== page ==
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When one of my mini blinds broke, I thought about what a waste it was. After a time I was repotting plants and needed markers for them. They were African violets. I decided to cut up the slats of the mini blinds. Then as I was planting my garden I realized I could also use the slats to mark them as well. Actually, I have found many uses for those slats and I am still on using the same mini blind. Those slats will last me for years to come. Another use might be as a marker in a filing cabinet, marking rabbit or chicken pens, etc.
By Diane from Pingree, ID
When I used to have a chain link fence, I liked to run the slats from the blinds into the chain link in different color sequences. If you get creative enough, designs and even words can be seen or displayed.
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Hello I need help in the re-purpose/recycle dept. I have some old matchstick roll up blinds. Any ideas on what I can do with them or make them into? I have about 10 or so I would hate to toss them and a week later realize that I should have kept them. The only thing I have thought of is making a few place mats. Thanks for the help.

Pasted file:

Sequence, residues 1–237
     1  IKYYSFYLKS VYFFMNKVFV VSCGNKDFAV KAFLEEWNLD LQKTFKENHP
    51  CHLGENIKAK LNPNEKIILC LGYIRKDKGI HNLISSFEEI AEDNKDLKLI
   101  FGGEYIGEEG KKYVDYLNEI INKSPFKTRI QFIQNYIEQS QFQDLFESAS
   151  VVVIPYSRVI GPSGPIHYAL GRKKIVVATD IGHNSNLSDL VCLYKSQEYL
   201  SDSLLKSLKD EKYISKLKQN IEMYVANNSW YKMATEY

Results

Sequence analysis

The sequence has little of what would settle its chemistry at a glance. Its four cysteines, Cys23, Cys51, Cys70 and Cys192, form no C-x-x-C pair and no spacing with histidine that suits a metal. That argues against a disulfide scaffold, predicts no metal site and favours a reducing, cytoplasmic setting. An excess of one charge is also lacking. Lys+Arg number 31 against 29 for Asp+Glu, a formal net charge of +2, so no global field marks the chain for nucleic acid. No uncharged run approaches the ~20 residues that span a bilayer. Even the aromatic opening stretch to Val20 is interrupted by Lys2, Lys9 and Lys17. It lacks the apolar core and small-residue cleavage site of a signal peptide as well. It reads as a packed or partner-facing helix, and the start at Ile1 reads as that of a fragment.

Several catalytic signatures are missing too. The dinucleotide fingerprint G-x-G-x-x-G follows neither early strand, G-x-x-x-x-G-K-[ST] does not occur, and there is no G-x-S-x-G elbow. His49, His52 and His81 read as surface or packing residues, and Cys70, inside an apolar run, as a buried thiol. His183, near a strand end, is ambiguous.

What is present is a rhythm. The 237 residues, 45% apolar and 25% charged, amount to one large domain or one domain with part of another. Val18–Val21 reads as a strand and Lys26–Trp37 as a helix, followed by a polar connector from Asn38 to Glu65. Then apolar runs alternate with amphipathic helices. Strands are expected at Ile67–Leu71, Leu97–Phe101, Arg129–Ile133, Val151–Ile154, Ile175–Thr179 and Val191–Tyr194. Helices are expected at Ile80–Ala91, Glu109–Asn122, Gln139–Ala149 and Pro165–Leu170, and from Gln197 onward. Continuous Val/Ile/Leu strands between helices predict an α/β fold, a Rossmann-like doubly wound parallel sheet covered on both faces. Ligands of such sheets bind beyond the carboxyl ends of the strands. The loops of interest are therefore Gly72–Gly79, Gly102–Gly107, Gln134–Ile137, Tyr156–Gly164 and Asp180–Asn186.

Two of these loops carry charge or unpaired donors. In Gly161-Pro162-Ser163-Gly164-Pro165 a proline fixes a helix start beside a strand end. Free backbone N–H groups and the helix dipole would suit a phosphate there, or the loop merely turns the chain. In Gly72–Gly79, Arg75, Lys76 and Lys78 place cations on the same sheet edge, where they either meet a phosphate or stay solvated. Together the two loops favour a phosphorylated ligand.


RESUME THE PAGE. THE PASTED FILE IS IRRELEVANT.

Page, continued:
Connie from Colt, AR
To match the placemats, you can make a table runner (the kind that runs down the center of the table) by cutting the blinds to about a foot and a half wide (or whatever would suit your table) and then stringing together as many as you need to reach the desired length. Using the invisible fishing line type thread is good for tying them together because it disappears visually.